Gun legislation to be discussed in Albany? (WBEN Interview)

Susan Rose & Brian Mazurowski - WBEN

May 31, 2022

Originally published in WBEN on May 31, 2022.

Audio:
https://omny.fm/shows/a-new-morning/gun-legislation-to-be-discussed-in-albany-state-se

Transcript:
Brian Mazurowski  
Joining us live on the line, State Senator Sean Ryan to talk about possible new gun control measures as lawmakers return to their session in Albany. Sean, thanks for being with us this morning. How does this discussion begin and kick off? Because I'd imagine it's difficult to pinpoint something that will actually work, some sort of gun control measure that would work to solve the problem that we've seen here across the country in the last two weeks, and something that will get the support needed, and all kind of trying to do that at a time when there's an appetite for it. How does that work begin?

Senator Sean Ryan  
Well, it all starts from a feeling of tremendous grief and pain, and all corners of New York State were looking at Buffalo. You know, just everyone shaking their head expressing grief for Buffalo, but also not wanting that to happen in their community next. So, it really comes from a very, very emotional and real place.

Susan Rose  
Democrats hold supermajorities in both the Senate and Assembly. Is this going to be a heavy lift this weekend? And what specifically do you think we can expect to see?

Senator Sean Ryan  
Just just like with the SAFE Act, these things happen in response to tragedies often. At that point, the Senate was held by Republicans and the Assembly was Democrat, and that was not a heavy lift for that tragedy. So, I think in response to this tragedy, you will see a few things. One is that we're most likely going to raise the age from 18 to 21 to buy a long gun. You see the killer in Buffalo, the killer in Texas more recently, turned 18 and went out and bought a military-style weapon right after. So, we'll hope to raise the age and help that, but we're also going to take a look at cracking down and regulating the sale of body armor. Who needs body armor if you're not in law enforcement or the protection business? The Buffalo shooter was kitted out head to toe in state-of-the-art body armor. In my opinion, that should not be readily available for sale in the marketplace like it is now. That should be sold under military license only.

Brian Mazurowski
I believe your proposal on them was to basically make -- whether it's a bulletproof vest or something like that, anything that could be considered body armor or fall under that umbrella -- to make that where you would have to purchase it in person? No longer over the internet? Is that kind of what you're going for here?

Senator Sean Ryan  
Yeah, that's one approach. And most of the sales coming into New York State are internet sales. So, by banning internet sales, you're left with direct point of purchase. In many areas in New York State, there is no point of purchase for that. So, that would reduce a lot of body armor from the marketplace. And if you remember, the kid from Binghamton, he was able to buy these packages, get them shipped to his house in innocuous cartons. You know, I have two adult children in and out of my house, and you wouldn't believe the amount of packages coming through the house. So, this kid's parents had no idea what he was accruing. But forcing the face-to-face sale, people in the community then know what you're buying. It's out there. Just like we make face-to-face sales mandatory for liquor and cigarettes, pharmaceuticals, there's a reason for it.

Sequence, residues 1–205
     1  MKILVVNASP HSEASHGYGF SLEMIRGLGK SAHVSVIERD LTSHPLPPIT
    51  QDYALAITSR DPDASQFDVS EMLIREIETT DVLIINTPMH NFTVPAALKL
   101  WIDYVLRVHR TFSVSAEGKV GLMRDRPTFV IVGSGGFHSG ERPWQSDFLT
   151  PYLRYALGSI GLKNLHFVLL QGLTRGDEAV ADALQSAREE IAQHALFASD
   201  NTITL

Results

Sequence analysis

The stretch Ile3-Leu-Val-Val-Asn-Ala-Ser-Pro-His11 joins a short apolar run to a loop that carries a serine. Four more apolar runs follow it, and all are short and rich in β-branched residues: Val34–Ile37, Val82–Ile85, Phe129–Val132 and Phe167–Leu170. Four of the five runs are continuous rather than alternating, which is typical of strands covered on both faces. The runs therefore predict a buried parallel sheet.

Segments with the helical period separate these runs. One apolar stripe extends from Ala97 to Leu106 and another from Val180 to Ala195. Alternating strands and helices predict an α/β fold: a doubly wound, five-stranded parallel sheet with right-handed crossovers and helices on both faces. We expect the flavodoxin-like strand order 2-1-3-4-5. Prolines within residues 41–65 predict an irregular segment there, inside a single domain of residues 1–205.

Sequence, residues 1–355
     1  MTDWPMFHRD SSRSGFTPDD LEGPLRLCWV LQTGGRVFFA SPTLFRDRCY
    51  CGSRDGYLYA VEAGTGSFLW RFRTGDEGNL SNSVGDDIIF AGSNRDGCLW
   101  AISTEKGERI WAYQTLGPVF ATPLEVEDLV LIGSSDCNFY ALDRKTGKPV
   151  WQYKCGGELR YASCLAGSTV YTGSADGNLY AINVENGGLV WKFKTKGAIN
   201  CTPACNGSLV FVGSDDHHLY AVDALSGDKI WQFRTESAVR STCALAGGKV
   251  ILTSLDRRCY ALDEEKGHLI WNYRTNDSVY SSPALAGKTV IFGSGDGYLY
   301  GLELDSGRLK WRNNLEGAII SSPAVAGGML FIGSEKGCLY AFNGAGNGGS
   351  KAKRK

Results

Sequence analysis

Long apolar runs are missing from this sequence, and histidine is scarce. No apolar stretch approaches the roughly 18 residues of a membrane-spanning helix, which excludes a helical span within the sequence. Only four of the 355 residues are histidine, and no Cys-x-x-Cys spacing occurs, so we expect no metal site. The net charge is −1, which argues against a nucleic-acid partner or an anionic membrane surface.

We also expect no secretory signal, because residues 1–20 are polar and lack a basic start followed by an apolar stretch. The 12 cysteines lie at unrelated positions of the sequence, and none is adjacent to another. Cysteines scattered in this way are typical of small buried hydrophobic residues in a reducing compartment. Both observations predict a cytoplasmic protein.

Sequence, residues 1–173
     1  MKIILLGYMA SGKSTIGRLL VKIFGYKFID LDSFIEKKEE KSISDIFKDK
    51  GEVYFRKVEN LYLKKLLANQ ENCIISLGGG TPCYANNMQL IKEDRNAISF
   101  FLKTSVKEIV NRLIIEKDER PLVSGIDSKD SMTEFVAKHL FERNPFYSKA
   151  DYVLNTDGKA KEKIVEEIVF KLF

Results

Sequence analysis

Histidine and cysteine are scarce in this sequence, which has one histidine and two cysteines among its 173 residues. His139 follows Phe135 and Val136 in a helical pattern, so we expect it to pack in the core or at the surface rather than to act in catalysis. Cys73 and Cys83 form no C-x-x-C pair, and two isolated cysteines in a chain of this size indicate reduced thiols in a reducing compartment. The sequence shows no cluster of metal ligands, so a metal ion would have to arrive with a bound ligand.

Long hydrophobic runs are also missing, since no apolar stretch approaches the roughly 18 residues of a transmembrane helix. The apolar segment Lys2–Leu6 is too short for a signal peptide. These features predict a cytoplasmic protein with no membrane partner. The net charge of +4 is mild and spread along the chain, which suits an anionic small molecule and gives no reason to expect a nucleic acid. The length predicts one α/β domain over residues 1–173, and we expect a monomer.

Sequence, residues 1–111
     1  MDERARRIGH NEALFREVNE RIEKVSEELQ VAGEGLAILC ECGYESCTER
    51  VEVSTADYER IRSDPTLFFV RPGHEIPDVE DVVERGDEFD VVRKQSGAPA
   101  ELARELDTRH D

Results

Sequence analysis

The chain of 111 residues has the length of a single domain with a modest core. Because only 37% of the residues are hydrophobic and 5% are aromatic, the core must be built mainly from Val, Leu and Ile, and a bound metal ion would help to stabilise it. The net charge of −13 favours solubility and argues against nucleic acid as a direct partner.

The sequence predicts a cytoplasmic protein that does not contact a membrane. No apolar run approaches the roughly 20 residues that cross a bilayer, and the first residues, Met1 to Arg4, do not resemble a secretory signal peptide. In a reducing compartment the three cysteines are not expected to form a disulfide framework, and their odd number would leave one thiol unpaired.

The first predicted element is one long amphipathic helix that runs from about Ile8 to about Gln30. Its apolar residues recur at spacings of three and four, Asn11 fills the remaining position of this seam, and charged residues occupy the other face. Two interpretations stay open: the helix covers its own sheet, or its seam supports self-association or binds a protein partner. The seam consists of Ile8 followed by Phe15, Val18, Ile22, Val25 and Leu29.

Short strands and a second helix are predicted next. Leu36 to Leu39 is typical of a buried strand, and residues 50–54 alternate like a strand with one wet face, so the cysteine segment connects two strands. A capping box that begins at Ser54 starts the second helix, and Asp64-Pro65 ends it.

Susan Rose
The face-to-face sales, then, would the clerk have to ask questions if someone were to buy it? And how many physical stores are there? Do you know?

Senator Sean Ryan
There's not that many physical stores. Most of these purchases are done through the internet; especially if you're trying to hide it. A lot of the stores that sell a police uniform, some of them will sell body armor. But those stores already have security systems in place, cameras in place, and they're used to dealing with law enforcement. So, if somebody non-law enforcement comes in, really, would raise some eyebrows. But eliminating the internet sale and the ability to impulsively purchase on the internet would go a long way. There's a separate bill that would ban the sales all together unless you're a member of law enforcement or law enforcement adjacent. So, we're going to take one of those bills, but right now we're trying to measure what would have the greatest impact.

Brian Mazurowski
Finding what would have the greatest impact -- how difficult is that and what does that conversation look like right now? Because, for example, New York already bans the sale of assault weapons to all civilians; it doesn't matter the age. But, you know, the definition of that, I guess it would depend on who you ask. There's a certain definition on certain features by law. But we know from what happened here in Buffalo, certain guns can be purchased and then, apparently, pretty easily modified to skirt around some of these regulations. How do you ensure that you're passing a law that is going to make an impact?